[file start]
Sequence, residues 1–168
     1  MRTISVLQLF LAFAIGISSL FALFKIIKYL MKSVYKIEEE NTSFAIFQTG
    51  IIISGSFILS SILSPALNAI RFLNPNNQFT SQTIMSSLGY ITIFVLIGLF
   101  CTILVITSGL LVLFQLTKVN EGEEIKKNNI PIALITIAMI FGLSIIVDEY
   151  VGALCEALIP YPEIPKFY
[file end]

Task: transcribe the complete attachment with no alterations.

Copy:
Sequence, residues 1–168
     1  MRTISVLQLF LAFAIGISSL FALFKIIKYL MKSVYKIEEE NTSFAIFQTG
    51  IIISGSFILS SILSPALNAI RFLNPNNQFT SQTIMSSLGY ITIFVLIGLF
   101  CTILVITSGL LVLFQLTKVN EGEEIKKNNI PIALITIAMI FGLSIIVDEY
   151  VGALCEALIP YPEIPKFY